There were recriminations on November 17 following the previous night’s unprecedented violent clashes between police and thousands of football fans in Bulgaria’s capital city Sofia.
Official figures say that in the clashes on Thursday night, 23 people were injured, 33 arrested, while there was arson of police and other vehicles, as well as several other objects, after the clashes – in a protest demanding the resignation of Bulgarian Football Union (BFU) chief Borislav Mihailov – began.
The protesters threw parts of paving stones, fireworks and flares at police, who responded with water cannon.
Video has emerged of police beating people inside a restaurant close to the Sports Ministry headquarters.
Prime Minister Nikolai Denkov said on November 17 that he had fired Deputy Interior Minister Stoyan Temelakiev, who was directly responsible for the operational activity.
Denkov said that he had ordered Interior Ministry chief secretary Zhivko Kotsev to carry out a rapid and objective investigation into the observed cases of violence by police.
Those police should be identified and receive the harshest disciplinary punishments, including dismissal, Denkov said.
“Instead of a football celebration, yesterday we observed ugly scenes of violence. The main reason is the long-term management of the current management of the BFU, which has led to the decline of Bulgarian football without any visible prospect of development,” Denkov said.
The chaotic actions of this management regarding the organisation of yesterday’s match further increased the tension, he said.
“To this we must also add errors in the organisation of the leaderships of the Ministry of the Interior and the Sofia directorate of the Interior Ministry,” Denkov said, saying that they had allowed opposing factions to be gathered in one place.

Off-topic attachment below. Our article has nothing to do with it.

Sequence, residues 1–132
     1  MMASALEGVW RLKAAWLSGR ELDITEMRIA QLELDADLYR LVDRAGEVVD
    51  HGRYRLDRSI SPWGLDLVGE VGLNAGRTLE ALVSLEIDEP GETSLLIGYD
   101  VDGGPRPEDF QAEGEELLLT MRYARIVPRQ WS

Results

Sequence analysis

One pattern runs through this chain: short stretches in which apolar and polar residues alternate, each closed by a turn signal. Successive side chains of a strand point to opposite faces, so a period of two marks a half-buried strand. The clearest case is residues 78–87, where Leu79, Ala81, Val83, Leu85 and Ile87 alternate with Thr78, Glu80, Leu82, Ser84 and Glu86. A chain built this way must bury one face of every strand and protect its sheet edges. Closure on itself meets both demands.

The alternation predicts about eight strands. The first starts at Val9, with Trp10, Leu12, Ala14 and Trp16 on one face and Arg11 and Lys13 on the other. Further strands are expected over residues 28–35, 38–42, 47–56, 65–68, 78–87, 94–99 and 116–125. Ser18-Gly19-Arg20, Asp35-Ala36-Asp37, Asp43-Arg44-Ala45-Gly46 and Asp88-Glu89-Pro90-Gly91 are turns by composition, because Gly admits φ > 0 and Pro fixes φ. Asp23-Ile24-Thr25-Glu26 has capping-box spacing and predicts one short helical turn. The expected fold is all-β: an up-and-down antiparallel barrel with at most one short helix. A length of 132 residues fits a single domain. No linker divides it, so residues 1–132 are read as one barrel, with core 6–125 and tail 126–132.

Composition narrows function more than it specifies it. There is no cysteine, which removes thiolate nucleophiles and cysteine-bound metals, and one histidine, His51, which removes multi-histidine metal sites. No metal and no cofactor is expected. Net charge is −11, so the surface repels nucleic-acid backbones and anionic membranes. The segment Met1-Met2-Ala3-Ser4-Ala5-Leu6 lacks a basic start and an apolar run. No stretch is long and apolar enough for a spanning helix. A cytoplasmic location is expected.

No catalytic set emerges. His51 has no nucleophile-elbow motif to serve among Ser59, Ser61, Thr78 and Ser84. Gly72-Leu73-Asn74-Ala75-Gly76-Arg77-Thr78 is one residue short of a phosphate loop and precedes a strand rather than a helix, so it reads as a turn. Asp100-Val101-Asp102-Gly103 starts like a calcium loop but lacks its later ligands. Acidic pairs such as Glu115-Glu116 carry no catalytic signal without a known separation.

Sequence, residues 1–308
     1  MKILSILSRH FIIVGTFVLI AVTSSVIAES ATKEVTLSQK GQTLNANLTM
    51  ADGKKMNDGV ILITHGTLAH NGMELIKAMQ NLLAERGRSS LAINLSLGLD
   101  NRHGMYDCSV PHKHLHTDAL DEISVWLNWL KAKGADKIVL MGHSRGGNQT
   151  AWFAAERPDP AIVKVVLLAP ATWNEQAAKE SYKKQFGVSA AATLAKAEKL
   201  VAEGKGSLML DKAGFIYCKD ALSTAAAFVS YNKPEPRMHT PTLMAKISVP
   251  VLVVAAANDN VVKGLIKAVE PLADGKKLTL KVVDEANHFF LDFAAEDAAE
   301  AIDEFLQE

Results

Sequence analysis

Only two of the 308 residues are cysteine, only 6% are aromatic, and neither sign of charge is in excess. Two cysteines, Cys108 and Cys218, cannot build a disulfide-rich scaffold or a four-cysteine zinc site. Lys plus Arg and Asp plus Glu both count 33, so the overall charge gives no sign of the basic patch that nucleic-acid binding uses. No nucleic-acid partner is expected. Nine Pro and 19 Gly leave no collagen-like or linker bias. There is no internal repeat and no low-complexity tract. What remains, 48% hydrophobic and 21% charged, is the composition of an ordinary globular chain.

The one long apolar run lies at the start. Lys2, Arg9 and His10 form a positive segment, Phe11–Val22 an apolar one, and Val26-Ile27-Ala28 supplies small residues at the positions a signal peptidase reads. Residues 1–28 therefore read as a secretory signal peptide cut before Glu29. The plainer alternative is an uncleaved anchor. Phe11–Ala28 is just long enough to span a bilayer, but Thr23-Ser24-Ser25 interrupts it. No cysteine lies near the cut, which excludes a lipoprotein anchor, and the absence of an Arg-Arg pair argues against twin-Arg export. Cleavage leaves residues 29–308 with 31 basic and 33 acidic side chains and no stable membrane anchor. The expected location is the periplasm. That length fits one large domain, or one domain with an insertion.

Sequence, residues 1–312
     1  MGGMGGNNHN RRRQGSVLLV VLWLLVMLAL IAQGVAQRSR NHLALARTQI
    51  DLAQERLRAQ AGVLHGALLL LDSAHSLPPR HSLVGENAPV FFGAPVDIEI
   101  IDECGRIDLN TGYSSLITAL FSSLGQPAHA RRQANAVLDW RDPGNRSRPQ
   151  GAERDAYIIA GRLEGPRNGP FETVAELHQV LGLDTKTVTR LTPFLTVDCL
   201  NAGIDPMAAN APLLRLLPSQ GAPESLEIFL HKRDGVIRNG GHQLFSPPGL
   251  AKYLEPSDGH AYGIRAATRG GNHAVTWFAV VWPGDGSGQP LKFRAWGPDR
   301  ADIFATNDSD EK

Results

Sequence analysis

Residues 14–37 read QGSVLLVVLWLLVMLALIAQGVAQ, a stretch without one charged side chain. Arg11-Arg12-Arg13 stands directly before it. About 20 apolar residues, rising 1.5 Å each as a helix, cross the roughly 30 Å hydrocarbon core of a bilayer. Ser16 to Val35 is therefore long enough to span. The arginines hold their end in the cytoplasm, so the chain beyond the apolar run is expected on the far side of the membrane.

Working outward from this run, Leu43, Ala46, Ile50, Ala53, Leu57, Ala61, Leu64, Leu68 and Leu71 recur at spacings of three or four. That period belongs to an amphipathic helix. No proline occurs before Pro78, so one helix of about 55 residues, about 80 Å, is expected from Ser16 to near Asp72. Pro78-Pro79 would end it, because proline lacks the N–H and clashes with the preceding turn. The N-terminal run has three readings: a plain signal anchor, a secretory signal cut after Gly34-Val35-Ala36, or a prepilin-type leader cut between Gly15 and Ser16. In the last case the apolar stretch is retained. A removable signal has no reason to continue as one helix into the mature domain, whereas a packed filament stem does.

On November 17, We Continue the Change-Democratic Bulgaria (WCC-DB) parliamentary group co-leader Kiril Petkov said that Interior Minister Kalin Stoyanov should resign.
“What we all saw is unacceptable,” Petkov said. “People cannot be beaten up in restaurants.”
WCC-DB also called on Mihailov to resign: “This person must go as soon as possible,” Petkov said.
There has been a long-standing struggle for control of the BFU, with numerous critics blaming the current leadership for the inadequate state of Bulgarian football.
WCC-DB MP Hristo Ivanov said that it was unfair to put the blame on newly-elected Sofia mayor Vassil Terziev, who took office on November 13. The mayor of Sofia had no power over the Interior Ministry, Ivanov said.
GERB-UDF leader Boiko Borissov said that it was not the Interior Ministry who should resign, but the Sports Minister, Dimitar Iliev.
“The Minister of Sports must resign immediately because he has been escalating the situation in recent days. Before that, Borislav Mihailov must resign, immediately,” Borissov said.
“Blood was spilt in Sofia and Terziev allowed this thing to happen,” he said.
On the demands for the resignation of Stoyanov, Denkov said that he would discuss the matter with Deputy Prime Minister Maria Gabriel.
The Prime Minister commented on where Stoyanov was during the protests last night: “I received information that he was at some film screening, which is quite embarrassing”.